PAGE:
Newsies at Third Wall Productions

Now is the time to seize the day! Third Wall Productions are staring down the odds— and everyone else who wants to tackle this bear of a musical production— and seizing the day! Proudly carrying the banner of their first major children’s inclusive production since 13: The Musical (their second-ever production as a company, almost three full years ago!), TWP is thrilled to present Disney’s Newsies. Directed by Henry Cyr, with Musical Direction by W. William Zellhofer, and Choreography by Cecelia, Lucy, and Maia DeBaugh, this enthusiastic revolution of children shaping their own destiny is bona fide entertainment. Not without its challenges, especially when it comes to the grandeur and stratospheric expectations of any Disney production, the show is filled with heart and young talent that is truly worth watching.

Newsies at Third Wall Productions Stasia Steuart Photography
Newsies at Third Wall Productions Stasia Steuart Photography

Director Henry Cyr wastes no time in putting his directorial signature on the piece right from the initial concept of the show. With express permission from Disney, Cyr takes a more literal historic approach to the performance and boldly casts nearly half of the newsies as girls and dresses them accordingly. While the production was originally and henceforth traditionally has been staged with all-boys as the newsboys of New York City, Cyr digs deep into his dramaturgical capabilities to address this historic fact— surprise, girls sold newspapers on the street too— and uses it to accommodate the talent pool that arrived for the show’s auditions. And this history-forward casting choice, which puts the newsgirls in dresses appropriate for the show’s setting, isn’t just reserved for the ensemble roles. Feature characters like Specs (Emily Signor) and the ferocious Spot Conlon of Brooklyn (Elizabeth Volpe) as well as one of the major principal newsboy roles— Crutchie— are all played by capable and talented females. Cyr sticks by his choice and showcases gender parity throughout the newsboys; this shines a reckoning light on the facts of history in a way that Disney itself usually fails to do.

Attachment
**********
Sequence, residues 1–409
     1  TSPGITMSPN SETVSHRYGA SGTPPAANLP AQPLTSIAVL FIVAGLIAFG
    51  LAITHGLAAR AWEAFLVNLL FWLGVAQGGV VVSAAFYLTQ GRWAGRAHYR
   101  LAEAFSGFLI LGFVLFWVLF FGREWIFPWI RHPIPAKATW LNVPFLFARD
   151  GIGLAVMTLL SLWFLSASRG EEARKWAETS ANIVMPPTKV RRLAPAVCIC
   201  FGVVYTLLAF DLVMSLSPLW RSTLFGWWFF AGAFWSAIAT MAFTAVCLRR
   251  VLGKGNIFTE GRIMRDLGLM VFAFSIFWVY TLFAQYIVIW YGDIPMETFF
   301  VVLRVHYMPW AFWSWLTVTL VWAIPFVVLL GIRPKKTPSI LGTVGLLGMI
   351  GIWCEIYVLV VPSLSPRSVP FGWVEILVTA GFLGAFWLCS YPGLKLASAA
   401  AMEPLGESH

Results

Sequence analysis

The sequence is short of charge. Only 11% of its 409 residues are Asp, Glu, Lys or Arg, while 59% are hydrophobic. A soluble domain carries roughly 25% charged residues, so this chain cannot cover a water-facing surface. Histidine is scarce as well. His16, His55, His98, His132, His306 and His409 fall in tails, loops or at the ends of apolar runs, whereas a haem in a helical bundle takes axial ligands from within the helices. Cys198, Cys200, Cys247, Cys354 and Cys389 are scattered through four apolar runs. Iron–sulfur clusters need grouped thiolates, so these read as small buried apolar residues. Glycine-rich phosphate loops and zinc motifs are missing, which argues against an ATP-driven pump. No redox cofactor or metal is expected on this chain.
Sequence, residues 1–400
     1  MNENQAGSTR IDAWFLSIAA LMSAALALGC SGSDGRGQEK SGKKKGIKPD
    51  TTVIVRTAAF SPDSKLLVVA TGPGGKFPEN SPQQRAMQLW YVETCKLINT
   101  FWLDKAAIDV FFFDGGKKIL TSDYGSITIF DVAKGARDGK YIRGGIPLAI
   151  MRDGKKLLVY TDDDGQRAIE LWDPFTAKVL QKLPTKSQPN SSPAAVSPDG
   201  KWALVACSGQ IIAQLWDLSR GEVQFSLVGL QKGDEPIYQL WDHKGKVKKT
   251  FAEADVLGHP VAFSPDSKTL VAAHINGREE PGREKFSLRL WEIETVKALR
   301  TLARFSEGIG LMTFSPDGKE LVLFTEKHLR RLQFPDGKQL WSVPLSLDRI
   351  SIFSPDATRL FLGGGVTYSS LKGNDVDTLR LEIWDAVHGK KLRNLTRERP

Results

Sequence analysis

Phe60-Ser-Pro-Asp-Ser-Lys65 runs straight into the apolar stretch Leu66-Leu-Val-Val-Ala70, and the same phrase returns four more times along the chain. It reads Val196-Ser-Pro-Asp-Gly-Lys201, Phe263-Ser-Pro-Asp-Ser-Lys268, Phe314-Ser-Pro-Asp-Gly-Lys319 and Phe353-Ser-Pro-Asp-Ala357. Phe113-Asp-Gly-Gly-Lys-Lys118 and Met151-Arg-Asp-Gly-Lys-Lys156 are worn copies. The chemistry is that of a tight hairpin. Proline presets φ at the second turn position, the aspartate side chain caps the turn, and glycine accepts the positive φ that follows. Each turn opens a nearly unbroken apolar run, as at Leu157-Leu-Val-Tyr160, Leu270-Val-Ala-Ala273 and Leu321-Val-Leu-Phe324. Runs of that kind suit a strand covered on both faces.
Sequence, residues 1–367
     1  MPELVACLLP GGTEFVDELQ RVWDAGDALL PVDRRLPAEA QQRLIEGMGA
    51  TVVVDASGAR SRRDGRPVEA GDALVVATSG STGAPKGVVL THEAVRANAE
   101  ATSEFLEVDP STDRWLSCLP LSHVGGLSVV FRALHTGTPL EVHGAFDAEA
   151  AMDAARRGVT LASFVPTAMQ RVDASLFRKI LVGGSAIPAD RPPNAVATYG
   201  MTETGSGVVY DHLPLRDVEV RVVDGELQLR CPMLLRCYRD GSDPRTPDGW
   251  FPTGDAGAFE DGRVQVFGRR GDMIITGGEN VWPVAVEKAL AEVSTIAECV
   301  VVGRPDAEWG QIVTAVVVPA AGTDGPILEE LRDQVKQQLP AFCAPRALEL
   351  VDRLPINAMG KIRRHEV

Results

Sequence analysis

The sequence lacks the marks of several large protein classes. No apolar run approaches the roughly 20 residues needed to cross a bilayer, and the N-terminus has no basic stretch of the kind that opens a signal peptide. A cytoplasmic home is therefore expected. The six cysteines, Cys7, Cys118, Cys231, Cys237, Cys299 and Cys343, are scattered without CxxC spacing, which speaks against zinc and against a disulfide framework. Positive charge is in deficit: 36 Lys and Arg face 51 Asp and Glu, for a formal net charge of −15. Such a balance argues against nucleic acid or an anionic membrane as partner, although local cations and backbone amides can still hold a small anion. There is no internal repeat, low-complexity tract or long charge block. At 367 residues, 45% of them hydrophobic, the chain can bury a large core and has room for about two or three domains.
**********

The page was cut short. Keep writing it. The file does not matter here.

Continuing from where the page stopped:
The show’s biggest issues are mostly technical challenges, which although at times are distracting do not completely negate from the intense and enjoyable experience that the talented performers provide with vehement consistency from start to finish of the production. Jordan Hollett and Pat Rudai craft an intricate set of bridge scaffolding to create the iconic “penthouse apartment” in which Jack Kelly and the other newsies live, complete with two side banks of raised platforms. Cyr’s use of these side banks, however, feels incomplete as we only ever see one newsie at a time on either side during larger numbers, which creates an overcrowded feeling on the stage below. For the most part, despite the challenges of the constricted stage space, Cyr’s blocking prevents these moments of cramping, but it is noticeable when the side risers— though not enormous by any stretch of the imagination— have but one newsboy or girl in them.